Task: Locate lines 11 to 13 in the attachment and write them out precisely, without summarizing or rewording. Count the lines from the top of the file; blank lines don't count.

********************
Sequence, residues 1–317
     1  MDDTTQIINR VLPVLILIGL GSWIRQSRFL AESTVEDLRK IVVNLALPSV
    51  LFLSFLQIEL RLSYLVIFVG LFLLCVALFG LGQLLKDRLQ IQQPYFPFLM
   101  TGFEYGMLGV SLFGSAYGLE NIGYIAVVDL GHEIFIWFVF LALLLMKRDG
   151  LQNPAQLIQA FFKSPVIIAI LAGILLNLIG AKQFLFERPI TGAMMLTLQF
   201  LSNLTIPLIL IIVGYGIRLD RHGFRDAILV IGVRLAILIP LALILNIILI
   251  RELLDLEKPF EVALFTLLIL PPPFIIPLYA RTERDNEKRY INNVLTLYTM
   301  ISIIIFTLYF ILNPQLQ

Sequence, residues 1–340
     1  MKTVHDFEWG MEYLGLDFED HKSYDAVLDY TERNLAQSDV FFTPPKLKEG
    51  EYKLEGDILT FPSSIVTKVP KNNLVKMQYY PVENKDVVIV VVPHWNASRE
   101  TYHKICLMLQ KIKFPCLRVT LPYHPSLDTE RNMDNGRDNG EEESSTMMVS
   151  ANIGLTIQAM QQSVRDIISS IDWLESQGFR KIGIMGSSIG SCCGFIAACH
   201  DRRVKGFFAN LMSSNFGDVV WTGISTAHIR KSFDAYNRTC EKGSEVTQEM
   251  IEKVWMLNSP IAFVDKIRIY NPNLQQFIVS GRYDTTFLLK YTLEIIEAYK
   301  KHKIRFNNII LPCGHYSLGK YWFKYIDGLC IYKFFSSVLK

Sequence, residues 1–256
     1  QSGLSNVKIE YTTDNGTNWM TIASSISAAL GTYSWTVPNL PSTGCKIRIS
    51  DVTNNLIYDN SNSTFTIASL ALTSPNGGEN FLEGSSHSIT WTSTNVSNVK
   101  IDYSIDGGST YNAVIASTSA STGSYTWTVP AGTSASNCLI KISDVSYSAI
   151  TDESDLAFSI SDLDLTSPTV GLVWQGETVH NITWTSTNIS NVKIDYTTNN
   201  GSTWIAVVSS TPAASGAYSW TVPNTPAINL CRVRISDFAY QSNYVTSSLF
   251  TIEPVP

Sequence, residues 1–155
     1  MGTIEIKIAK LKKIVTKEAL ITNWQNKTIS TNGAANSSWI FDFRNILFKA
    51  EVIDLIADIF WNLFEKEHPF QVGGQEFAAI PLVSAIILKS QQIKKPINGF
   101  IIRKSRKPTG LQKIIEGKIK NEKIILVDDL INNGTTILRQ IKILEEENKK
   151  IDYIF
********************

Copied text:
    51  EYKLEGDILT FPSSIVTKVP KNNLVKMQYY PVENKDVVIV VVPHWNASRE
   101  TYHKICLMLQ KIKFPCLRVT LPYHPSLDTE RNMDNGRDNG EEESSTMMVS
   151  ANIGLTIQAM QQSVRDIISS IDWLESQGFR KIGIMGSSIG SCCGFIAACH